The economics curriculum teaches students to think analytically and creatively as well as communicate clearly through written and oral presentation. Our small class sizes allow for stimulating discussions and enhanced individual attention. Some of our courses include:   

Sample Courses

The Economics of eBay (First-Year Seminar)

ECO 110
Why do some items sell for such ridiculously high prices at auctions of reputable establishments such as Christie's, Bonham's, Sotheby's or even eBay? Has it ever occurred to you why the owners of a house listed for $1.5 million last year cannot get 1/3 of that price this year? In this course we will examine the way consumers and businesses think and behave as rational entities.

The Economics of Sports

ECO 244
The course analyzes the industry of sports, particularly professional and big-time college sports, using and developing tools of economic analysis, mainly microeconomics. Topics include the salary structure of professional team sports and the effects of free agency; the factors affecting sports attendance; the value of sports programming to broadcasters and the effect of television revenue; issues in college sports like conference realignment, television contracts, and eligibility rules; the economic effects of professional sports franchises and stadia; and factors affecting competitive balance.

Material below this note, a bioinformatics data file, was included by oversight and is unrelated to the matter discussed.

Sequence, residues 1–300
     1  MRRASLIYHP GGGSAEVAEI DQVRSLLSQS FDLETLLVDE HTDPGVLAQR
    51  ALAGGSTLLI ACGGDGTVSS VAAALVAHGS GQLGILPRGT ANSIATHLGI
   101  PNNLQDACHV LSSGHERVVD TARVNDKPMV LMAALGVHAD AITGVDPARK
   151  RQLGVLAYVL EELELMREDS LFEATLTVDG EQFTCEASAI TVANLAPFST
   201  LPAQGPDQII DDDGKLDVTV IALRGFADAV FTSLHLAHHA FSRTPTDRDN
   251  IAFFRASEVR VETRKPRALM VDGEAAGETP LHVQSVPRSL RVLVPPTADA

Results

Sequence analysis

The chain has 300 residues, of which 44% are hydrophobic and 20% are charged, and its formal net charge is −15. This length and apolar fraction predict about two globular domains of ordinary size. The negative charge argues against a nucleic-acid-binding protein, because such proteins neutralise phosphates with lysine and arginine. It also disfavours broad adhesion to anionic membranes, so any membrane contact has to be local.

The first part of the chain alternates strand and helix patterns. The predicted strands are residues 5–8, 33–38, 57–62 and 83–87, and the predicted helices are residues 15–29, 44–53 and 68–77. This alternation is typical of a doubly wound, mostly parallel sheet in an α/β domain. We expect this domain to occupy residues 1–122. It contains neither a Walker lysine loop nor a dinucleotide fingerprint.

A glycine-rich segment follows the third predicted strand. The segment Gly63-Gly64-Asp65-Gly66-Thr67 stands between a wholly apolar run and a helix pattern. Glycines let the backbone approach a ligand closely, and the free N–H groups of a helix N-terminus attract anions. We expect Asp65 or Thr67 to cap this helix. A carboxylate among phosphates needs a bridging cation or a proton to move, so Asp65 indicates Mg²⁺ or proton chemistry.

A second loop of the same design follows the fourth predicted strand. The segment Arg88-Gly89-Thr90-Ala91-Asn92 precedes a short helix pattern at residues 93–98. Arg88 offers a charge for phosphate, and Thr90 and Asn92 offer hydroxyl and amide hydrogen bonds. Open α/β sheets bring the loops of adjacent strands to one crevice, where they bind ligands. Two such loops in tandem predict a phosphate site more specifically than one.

International Finance

ECO 343
International Finance introduces students to the international financial system and the mechanisms through which exchange rates and government policy influence international investments and risk management, the global flow of financial capital, and domestic national income and employment. Particular emphasis is placed on forecasting exchange rates, hedging exchange-rate risk, and studying the causes and consequences of currency crises using quantitative models.

Internship in Economic Research

ECO 475
Students gain practical experience at a business, government or not-for profit organization (sponsor) under the supervision of both a faculty member and the sponsor. The field of study and sponsoring organization is specific to the student's interest. In the past, students have worked in a wide variety of fields, including brokerage firms, state and local government agencies, private banks, consulting organizations and policy research institutes. The student's main academic requirement is to successfully complete a detailed analytical paper applying economic theory and quantitative techniques to a topic relevant to their internship, as agreed on with the faculty member.

Where Our Graduates Work

Stonehill’s economics graduates go on to work at a range of notable organizations. Continue exploring where our graduates work. 

Professors are not just teaching you a subject, they are teaching you a lifestyle and how to operate in the job market. Even before senior year, I had two job offers. Going into senior year already knowing you will have a job after graduation is quite exciting.